I took your top and bottom images, mirrored the bottom one horizontally, and more or less aligned them. They are attached. You should be able to overlay and switch back and forth between the two images on your computer screen to more easily trace traces. I just used these instead of your schematic, since I found a lot of errors in your schematic and the wires were rather tangled.

    I found several errors in your schematic. Here are a few:

    Both legs of C12 are tied together. This doesn't make any sense, and I don't see any trace connecting them together on the PCB.

    The two traces that your schematic show as connecting to pins 22 and 23 of U2 actually connect to pins 20 and 21. Pin 8 of U2 connects to pin 2 of U1, but to nowhere else. The branch to the leftmost stop driver circuit actually connects to pin 17 of U2 and then to pin 8 of U3, which goes through a NAND gate and ultimately comes from the bottom-most stop input.

    Pins 2, 5, 10, and 13 of U3 and of U4 are all connected together on the bottom of the PCB, and also connected to pin 20 of mystery IC U2. I will call this line the preset-enable line, as driving it low seems to prepare the board for loading a preset. (@kwinn brought up some problems in your schematic with this line.) Since pin 13 is already connected somewhere on the bottom, and pin 12 isn't connected on the bottom, and so therefore presumably connects to something on the top, the trace you have connected to pin 13 of U4 is probably actually connected to pin 12. It doesn't make any sense to leave the input of a NAND gate floating, and all eight circuits are otherwise generally identical.


    Here's some of how I think the board works:

    Since this is a stop driver board, U2 must be some kind of memory that remembers stop presets. The connector on the top-right of the board seems to read eight stop switches. These eight active-high lines are gated by the eight open-drain NAND gates and then proceed to the solenoid driver circuits to automatically flip the stop switches. Between the outputs of the NAND gates and the inputs of the solenoid driver circuits, the eight lines also connect to eight pins of U2 (pins 17, 9, 16, 10, 15, 11, 14, and 13). U2 can read them to save a preset, or can drive them to set a preset.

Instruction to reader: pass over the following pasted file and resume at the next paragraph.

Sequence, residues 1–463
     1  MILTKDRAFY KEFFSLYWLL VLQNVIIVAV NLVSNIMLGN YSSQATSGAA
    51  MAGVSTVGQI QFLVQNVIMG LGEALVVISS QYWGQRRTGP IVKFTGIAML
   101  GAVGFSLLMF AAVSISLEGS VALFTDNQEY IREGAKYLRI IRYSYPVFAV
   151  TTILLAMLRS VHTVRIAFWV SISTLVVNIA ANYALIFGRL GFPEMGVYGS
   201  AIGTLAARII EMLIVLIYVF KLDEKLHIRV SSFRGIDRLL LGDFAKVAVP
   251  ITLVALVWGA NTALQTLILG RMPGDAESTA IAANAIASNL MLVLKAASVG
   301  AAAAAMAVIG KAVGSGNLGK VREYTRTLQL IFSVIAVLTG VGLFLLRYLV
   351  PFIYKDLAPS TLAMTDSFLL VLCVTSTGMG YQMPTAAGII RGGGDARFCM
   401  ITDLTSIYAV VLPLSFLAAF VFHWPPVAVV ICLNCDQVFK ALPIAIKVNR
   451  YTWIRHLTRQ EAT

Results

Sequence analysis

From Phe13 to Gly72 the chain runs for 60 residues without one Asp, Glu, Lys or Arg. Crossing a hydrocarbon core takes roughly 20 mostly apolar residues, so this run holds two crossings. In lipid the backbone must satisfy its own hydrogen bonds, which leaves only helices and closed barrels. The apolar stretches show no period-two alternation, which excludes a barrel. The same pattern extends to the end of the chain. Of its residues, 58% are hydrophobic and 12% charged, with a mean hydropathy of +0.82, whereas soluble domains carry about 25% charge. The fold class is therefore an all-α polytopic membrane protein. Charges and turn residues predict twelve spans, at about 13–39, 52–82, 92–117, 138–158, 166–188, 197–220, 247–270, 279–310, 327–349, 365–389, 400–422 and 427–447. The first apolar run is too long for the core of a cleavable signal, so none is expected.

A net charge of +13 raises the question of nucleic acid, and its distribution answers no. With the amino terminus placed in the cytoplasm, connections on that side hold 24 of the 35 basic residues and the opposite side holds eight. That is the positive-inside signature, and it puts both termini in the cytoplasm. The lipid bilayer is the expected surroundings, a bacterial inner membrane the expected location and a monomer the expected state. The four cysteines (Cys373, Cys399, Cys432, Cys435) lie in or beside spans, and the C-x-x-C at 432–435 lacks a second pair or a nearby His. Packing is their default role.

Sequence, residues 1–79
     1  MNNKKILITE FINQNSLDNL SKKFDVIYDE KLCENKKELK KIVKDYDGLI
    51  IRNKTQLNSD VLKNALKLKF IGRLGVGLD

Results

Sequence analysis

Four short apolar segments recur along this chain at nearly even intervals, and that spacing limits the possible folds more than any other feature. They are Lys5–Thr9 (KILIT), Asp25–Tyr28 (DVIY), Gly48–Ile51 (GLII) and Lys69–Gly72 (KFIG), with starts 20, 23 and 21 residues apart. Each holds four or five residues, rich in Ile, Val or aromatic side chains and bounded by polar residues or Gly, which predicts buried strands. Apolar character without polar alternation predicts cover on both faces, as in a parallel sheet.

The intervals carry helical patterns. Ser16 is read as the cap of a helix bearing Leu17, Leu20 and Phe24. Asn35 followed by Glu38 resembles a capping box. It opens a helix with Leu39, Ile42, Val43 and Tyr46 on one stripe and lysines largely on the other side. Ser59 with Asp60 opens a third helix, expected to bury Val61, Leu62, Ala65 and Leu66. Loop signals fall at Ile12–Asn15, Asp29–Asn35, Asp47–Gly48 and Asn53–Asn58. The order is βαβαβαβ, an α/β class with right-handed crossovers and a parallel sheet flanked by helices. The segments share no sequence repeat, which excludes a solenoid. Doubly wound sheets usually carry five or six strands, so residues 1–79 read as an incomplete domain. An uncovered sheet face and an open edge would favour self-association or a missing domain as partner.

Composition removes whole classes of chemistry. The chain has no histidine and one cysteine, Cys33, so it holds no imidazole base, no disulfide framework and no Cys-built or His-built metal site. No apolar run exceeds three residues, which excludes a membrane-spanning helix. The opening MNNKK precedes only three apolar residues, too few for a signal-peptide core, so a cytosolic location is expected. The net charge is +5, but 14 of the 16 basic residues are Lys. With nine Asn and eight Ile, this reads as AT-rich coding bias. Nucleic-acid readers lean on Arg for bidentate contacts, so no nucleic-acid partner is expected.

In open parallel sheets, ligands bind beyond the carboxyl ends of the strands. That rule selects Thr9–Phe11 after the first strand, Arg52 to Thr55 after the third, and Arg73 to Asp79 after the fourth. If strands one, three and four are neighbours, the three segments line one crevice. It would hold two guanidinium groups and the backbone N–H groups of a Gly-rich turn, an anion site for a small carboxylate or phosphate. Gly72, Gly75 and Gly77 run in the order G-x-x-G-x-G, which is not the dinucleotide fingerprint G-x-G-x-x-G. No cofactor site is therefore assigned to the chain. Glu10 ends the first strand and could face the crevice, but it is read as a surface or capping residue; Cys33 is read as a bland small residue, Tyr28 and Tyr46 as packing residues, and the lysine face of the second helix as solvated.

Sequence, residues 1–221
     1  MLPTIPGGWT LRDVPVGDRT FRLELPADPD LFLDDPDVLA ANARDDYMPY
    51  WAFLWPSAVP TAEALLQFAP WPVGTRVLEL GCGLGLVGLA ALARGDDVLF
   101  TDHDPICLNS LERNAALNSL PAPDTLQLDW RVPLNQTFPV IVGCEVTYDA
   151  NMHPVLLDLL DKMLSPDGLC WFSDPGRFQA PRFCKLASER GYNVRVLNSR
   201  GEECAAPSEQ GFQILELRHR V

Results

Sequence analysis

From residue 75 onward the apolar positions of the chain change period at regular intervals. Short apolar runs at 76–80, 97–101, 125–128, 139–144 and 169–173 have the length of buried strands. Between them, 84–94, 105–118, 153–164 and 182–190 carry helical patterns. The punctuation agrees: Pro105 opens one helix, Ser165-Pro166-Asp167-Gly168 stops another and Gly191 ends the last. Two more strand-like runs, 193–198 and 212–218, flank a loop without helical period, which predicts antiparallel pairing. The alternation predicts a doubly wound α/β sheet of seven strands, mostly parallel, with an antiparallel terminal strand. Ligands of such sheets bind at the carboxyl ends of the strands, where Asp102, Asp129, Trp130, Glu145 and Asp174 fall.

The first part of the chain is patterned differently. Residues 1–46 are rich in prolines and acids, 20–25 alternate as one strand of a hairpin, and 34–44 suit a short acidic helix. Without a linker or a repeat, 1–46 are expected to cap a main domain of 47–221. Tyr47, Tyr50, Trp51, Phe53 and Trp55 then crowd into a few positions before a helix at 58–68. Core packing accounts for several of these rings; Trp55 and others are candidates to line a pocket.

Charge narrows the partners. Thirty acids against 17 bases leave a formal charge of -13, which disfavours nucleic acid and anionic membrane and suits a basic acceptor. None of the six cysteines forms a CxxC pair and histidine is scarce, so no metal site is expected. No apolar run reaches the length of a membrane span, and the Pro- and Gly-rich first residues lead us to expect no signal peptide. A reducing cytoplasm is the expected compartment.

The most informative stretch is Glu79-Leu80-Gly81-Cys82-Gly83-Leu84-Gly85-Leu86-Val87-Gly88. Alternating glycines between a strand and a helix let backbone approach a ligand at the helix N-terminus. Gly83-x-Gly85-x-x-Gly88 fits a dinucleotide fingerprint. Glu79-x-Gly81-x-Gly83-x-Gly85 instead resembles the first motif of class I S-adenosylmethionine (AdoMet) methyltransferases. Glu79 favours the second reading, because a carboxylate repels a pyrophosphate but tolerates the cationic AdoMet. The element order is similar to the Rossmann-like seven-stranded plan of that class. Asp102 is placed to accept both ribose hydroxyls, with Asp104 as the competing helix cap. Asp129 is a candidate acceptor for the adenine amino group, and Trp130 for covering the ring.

When the preset-enable line is held high, each of the eight NAND gates pulls down its output when its other input is high and floats it when the other input it low - an open-drain inverter. But when the preset-enable line is low, they all float their outputs, since they're open-drain. If pin 20 of U2 is an input, then U2 drives its outputs instead according to the selected preset. However, pin 20 of U2 could be an input, in which case U2 must determine some other way that it's time to load a preset. The preset-enable line also connects to the third to bottom terminal of the topmost connector group of eight on the left side of the board (pin 6 of J3).

    When a preset button (or the cancel button) is pressed, the preset-enable line is driven low (either externally or by U2), disabling the outputs of the NAND gates, and then U2 drives those lines instead. Presumably, a related signal, which I suspect is the bottom of the three big horizontal parallel traces in the middle of the board, driven by the transistor Q25 in the can package, is then triggered, causing each of the eight stop driver circuits (via a lot of diode logic that I didn't really try to figure out) to drive its stop according to the signal asserted by U2.

    If I knew more about external connections to the board, I could probably say something about why U1 is needed to latch some signals, or how U2 is told to store a preset. Are you an organist? What do you push to actually store a preset on an organ? If you don't know, I can ask an organist tomorrow.
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  • Cluso99Cluso99 Posts: 16,580
    edited 2020-04-06 - 06:37:52
    Interesting info Electrodude. I know nothing about pipe organs.

    As a further comment that I forgot...
    There are no bypass caps on the ICs, excepting three big orange 0.1uF 250V. And the one near the ICs seems like the +V track is broken??? Not a very good design :(

    But, there is light at the end of the tunnel. With Electrodudes input, and perhaps with a better understanding, the chip (or all of them) could be replaced with a prop (Propeller Microprocessor) and a 3V3 regulator :wink:
  • I think the schematic points to U2 being a standard pinout RAM, something like a 6116. Pin 20 on most early 24-pin chips of that type was /OE which appears o go off board along with pin 21 which was /WE (write). Likewise you'd expect to find the I/O on pins 9-17 and they go towards the transistors.
  • Cluso99Cluso99 Posts: 16,580
    edited 2020-04-06 - 08:52:34
    Brian, did you read my comments above. It looks like they are all inputs with only pin20 as an output.
    The circuit diagram is wrong as pin 20 enables all of the NAND gates in U3 and U4.
    Perhaps U2 is used to disable the organ in case of errors???
  • Cluso99 wrote: »
    Brian, did you read my comments above. It looks like they are all inputs with only pin20 as an output.
    The circuit diagram is wrong as pin 20 enables all of the NAND gates in U3 and U4.
    Perhaps U2 is used to disable the organ in case of errors???